So, evidently, from Holy Scripture, there is such a time as the time of accountability and, I would suggest, because there is no specific time that is made that it differs with individuals depending upon the understanding that God has given to them. But, in the light of this, we have reason to believe that infants that die, and young children who die before the age of accountability, are received by the Lord God. How marvelous that is, for if you look at human history, the literally millions that shall be in heaven included these millions who have, by God’s grace, been used in this way to glorify his name.

Solomon’s birth is described. He’s given an official name of Solomon. That’s the name that is used of him. But, at the same time, Nathan gives him the special name of Jedidiah, Yadid Adonai, the beloved of the Lord, a reference to his favored status as the elected successor of David.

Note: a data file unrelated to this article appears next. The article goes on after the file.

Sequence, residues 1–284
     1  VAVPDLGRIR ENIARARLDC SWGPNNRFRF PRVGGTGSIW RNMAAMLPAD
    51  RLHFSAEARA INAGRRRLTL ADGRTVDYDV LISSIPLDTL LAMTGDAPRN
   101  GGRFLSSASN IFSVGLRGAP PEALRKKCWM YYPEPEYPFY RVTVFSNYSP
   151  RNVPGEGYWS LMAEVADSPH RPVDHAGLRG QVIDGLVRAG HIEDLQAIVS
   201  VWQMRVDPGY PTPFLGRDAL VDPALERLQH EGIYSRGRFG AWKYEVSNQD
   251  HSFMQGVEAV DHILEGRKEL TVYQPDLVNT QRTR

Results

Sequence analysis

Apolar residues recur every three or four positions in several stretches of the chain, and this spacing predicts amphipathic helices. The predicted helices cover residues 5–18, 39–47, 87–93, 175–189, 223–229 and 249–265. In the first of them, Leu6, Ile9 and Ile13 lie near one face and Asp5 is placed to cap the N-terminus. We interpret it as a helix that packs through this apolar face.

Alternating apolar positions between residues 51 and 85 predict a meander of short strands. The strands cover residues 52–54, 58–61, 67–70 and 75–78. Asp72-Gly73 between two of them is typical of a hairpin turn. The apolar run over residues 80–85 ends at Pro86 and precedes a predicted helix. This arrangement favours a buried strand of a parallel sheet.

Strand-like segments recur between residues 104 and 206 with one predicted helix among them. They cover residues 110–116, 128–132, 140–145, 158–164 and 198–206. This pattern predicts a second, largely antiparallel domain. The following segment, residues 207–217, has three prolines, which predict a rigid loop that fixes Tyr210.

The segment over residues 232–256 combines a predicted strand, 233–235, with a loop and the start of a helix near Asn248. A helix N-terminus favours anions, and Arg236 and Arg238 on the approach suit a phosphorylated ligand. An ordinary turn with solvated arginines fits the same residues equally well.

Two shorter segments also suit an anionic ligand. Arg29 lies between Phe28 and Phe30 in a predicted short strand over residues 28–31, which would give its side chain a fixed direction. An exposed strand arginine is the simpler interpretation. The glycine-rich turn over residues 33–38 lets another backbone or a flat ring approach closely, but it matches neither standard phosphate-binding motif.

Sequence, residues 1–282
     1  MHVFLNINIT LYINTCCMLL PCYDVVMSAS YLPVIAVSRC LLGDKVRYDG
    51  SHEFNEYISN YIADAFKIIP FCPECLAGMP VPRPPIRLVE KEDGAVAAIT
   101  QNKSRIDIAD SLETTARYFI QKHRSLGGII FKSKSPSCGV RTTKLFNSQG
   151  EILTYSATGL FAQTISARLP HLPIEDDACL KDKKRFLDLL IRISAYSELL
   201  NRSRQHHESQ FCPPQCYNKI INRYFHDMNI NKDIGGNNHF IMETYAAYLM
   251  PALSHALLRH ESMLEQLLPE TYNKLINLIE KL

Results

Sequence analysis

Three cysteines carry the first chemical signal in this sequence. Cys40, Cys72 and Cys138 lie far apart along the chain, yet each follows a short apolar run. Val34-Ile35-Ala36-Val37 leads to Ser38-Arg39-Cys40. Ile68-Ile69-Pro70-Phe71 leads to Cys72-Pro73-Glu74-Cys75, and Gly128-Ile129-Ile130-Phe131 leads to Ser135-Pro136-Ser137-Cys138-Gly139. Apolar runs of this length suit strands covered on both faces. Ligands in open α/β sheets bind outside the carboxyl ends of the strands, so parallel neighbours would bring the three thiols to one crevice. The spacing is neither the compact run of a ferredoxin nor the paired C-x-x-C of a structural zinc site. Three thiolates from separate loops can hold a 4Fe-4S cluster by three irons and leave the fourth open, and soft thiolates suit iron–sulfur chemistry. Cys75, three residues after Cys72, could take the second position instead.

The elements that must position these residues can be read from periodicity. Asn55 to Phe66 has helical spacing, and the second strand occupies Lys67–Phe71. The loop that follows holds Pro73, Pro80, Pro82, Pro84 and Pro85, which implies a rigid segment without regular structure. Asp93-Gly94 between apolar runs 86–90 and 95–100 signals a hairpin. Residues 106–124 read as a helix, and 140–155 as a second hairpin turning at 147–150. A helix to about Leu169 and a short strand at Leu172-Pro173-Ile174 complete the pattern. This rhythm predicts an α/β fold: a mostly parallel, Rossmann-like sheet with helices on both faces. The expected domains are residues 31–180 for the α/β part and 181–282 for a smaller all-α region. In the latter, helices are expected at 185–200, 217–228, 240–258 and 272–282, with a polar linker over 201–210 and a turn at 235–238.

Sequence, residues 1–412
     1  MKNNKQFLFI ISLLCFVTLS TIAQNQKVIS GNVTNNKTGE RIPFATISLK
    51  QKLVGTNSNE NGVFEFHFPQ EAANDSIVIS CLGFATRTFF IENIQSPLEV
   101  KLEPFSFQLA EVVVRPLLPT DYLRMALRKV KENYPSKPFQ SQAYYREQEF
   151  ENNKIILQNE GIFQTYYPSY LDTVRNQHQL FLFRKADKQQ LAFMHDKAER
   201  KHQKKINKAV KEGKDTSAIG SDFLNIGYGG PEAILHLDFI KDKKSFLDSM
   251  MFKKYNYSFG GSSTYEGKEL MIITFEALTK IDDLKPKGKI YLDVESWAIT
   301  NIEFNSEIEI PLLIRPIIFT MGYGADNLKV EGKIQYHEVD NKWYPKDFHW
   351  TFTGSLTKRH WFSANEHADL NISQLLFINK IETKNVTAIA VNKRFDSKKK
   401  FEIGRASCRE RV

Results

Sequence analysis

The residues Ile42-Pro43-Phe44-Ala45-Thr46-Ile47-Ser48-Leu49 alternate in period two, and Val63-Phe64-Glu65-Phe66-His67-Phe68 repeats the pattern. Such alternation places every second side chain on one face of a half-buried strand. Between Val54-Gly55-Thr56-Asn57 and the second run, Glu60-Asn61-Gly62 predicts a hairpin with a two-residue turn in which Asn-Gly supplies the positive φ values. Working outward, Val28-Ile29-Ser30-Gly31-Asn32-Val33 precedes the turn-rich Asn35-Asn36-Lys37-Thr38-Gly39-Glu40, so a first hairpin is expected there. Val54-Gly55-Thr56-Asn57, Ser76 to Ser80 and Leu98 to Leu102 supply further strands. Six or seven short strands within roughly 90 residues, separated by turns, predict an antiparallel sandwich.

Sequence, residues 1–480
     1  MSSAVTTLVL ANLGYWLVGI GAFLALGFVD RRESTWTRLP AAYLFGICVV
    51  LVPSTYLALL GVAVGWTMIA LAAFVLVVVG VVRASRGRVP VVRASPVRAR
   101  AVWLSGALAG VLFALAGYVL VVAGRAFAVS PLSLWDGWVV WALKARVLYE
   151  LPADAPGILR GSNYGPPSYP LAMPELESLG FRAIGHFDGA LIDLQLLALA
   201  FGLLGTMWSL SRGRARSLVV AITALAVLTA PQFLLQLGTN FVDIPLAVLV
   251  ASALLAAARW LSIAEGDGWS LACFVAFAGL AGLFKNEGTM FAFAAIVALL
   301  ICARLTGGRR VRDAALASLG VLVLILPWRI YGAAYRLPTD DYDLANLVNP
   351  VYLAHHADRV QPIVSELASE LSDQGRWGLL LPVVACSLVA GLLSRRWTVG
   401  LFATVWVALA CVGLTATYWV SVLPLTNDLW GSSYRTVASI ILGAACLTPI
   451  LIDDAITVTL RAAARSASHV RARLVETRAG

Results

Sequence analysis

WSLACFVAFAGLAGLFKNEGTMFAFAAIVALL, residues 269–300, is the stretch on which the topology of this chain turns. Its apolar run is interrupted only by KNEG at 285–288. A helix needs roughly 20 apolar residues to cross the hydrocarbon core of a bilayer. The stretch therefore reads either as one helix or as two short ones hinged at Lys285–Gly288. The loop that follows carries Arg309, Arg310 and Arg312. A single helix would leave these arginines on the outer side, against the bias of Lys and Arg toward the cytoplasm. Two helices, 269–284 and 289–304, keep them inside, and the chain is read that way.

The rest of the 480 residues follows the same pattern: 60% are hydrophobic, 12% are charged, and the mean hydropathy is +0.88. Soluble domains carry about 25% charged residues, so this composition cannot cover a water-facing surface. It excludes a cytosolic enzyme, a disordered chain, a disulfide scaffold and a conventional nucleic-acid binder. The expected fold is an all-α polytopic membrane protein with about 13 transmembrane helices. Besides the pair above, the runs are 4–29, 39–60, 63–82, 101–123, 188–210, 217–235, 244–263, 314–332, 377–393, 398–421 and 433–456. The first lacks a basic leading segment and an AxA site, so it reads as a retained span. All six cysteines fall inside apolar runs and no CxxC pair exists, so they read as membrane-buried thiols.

Well, let me close. David’s remarkable history is often missed by fastening upon his sin. The thing we want to fasten upon, it seems to me, more important than fastening upon the act of sin, is his struggle with his sin. That’s what makes the incident so remarkable. The charm of David’s character, of course, is stained and stained forever, as a result of his sin. But our love for David is not destroyed. And, oh, what we learn from the struggles of David with his fall.

The Book of Revelation tells us something, I think, that pertains specifically to us that might help us to deliver us from following in David’s steps. When the Lord Jesus wrote to the Church at Ephesus, he said, “You have left your first love.” To leave one’s first love, to stop the reading of the Scripture, to stop the meditation in prayer, to stop the communion with the Lord that has come after we’ve been saved, is the first step along the way to a fall, and to the disgrace of a fall. Oh, my Christian friend, remember that. Don’t leave your first love. Keep the Scriptures before you constantly. Feed upon them. Feed upon the relationship with our Lord that comes through the word of God. Make your relationship to him a personal communion, nothing less than that truly satisfies the soul.